2. ChefJune Apr 30, 2013 11:36 AM

                                                                When I have the time and money, I really love to make Foie Gras Terrine. It keeps really well and is quite versatile.

                                                                1. maria lorraine Apr 30, 2013 12:23 PM

                                                                  The Ritz-Carlton also used to serve foie gras with peaches. If memory serves, they were poached peach slices, and the sauce on the plate was a pan reduction of peach juice, demi glace and a splash of 25-year-old Jerez sherry vinegar. Served with mache on the side. We ate it with a glass of Sauternes. I think my eyes rolled back into my head with pleasure.

                                                                  2 Replies
                                                                  1. re: maria lorraine
                                                                    c oliver Apr 30, 2013 12:37 PM

                                                                    Whoa. I did some minor eyerolling just reading that. That's a great suggestion and within my skill level :)

                                                                    1. re: maria lorraine
                                                                      ChefJune Apr 30, 2013 12:39 PM

                                                                      Milles mercis, ML. I have just ganifed that idea!

                                                                    2. greygarious May 1, 2013 10:20 AM

                                                                      Thr only time I've had fg was at a restaurant. It was duck breast with a sauce made from fg and seedless red grapes, and was excellent - another fruit to consider.

                                                                      1. MissBubbles May 1, 2013 12:07 PM

                                                                        I have to say the best/most simple way I have found is to just pan sear a few slices in butter. Drizzle with really really excellent balsamic (believe me the reg stuff doesn't work). If you have huckleberries sprinkle a few on top and add some fluffy salt like maldon.

                                                                        1. a
                                                                          acgold7 May 2, 2013 07:13 PM

                                                                          Once a year we like to go a little foie crazy and do a double-foie dinner. We start with an app of sautéed foie with apple and shallots. We sauté the foie and in the resulting fat, sauté apples, shallots and finally the nice baguette slices, as shown here:


                                                                          Then we move on to Beef Tournedoes with Foie and a Red Wine Reduction. We sauté the remaining Foie, then the beef filet, and you can use what's left in the pan to make a killer red wine sauce. This video isn't exactly it, but it's close:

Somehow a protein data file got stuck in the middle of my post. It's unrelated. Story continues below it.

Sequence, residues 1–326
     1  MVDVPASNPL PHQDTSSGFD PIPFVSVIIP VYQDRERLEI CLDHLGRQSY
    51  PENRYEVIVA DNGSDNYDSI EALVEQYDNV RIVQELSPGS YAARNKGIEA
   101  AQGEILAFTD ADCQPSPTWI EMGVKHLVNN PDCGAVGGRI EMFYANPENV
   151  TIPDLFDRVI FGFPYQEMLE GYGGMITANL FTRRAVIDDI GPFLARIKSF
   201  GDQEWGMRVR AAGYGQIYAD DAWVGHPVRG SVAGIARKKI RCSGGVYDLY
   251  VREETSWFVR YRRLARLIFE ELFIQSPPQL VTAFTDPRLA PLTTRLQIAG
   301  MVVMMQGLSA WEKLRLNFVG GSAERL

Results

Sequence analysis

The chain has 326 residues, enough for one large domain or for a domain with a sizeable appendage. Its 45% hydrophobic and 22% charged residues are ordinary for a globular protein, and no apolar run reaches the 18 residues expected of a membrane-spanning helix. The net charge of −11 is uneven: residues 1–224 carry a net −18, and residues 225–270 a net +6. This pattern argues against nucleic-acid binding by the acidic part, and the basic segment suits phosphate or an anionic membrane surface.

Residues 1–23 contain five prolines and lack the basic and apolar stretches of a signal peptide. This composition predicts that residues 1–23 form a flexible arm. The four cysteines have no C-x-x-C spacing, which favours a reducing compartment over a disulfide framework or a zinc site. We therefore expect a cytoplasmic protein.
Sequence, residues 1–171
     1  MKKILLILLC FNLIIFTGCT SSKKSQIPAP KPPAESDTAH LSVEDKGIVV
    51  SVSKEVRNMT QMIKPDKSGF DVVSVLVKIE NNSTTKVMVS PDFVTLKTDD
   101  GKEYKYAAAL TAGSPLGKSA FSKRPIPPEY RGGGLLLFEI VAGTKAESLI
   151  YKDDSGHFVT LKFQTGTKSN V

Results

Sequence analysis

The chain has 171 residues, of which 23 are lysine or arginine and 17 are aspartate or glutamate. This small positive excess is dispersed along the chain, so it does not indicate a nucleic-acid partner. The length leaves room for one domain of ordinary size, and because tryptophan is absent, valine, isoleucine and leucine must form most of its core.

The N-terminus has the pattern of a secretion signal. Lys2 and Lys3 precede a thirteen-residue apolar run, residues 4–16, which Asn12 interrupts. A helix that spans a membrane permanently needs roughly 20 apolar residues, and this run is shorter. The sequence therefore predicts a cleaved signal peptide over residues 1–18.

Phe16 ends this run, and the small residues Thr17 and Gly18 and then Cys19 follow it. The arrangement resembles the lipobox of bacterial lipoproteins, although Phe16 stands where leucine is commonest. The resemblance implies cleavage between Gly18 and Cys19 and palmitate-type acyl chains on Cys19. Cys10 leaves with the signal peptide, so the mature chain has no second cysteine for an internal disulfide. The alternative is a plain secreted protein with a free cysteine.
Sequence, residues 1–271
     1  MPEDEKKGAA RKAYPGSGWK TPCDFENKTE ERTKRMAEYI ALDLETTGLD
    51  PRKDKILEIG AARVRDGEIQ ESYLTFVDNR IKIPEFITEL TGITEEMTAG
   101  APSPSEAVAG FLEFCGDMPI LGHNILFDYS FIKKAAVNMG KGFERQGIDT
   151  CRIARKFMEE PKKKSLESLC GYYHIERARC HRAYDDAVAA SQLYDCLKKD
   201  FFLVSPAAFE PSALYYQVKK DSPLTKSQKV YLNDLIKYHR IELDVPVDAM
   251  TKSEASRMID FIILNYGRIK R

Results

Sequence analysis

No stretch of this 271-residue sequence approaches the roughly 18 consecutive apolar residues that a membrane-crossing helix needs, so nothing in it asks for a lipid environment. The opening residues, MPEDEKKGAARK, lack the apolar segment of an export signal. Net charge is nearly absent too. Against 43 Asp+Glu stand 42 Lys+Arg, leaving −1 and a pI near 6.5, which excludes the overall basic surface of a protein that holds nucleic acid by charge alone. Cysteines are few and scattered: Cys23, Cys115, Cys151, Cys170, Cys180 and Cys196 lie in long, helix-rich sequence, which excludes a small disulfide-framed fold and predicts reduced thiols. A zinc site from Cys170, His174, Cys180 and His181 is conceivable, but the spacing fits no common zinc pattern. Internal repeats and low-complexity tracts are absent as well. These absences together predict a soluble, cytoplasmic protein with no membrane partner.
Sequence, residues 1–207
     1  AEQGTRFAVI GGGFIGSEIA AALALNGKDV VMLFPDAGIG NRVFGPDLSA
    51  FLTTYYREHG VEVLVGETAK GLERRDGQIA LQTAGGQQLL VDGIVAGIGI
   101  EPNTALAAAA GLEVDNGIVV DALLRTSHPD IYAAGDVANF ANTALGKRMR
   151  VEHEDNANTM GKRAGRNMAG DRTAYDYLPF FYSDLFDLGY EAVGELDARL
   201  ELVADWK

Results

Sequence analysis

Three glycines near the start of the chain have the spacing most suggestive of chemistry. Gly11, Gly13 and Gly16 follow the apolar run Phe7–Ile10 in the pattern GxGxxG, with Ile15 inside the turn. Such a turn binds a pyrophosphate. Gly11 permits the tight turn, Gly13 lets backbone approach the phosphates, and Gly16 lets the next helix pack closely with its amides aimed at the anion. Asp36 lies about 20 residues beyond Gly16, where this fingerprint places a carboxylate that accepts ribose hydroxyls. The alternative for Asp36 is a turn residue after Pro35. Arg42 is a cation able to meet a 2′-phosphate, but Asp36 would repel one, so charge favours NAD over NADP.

My 16-year-old son is a Foie maniac and he and I just go nuts annually, usually on his birthday. Then we sleep in a Foie coma.

                                                                          Thank God we can still get the stuff here in WA.

                                                                          2 Replies
                                                                          1. re: acgold7
                                                                            TheCarrieWatson May 3, 2013 10:18 AM

                                                                            Are you using a similar technique as the video for the red wine reduction sauce? That recipe of yours sounds great. I have plenty of Foie Gras and some Demi-Glas that I might use for something along those lines. You're searing the FG first, then the beef, correct?

                                                                            1. re: TheCarrieWatson
                                                                              acgold7 May 3, 2013 09:39 PM

                                                                              Yes, the technique is similar and you can really do it in any order. In this video we actually make the sauce first in a separate pan, then do the medallions, then the foie, but you could easily do the foie first, use those drippings to do the tournedoes, then use all those drippings to do the sauce while you keep them warm and maximize the flavor. I was just trying to speed it along for the sake of the video and simplicity but the other way might get you more intense flavor.

                                                                          2. c oliver May 5, 2013 11:22 AM

                                                                            Good news! A local restauranteur and a local cheese shop each have referred me to a site called Mirepoix USA. Here's their website:


                                                                            So far I've only looked at their foie products and am completely blown away by the selection.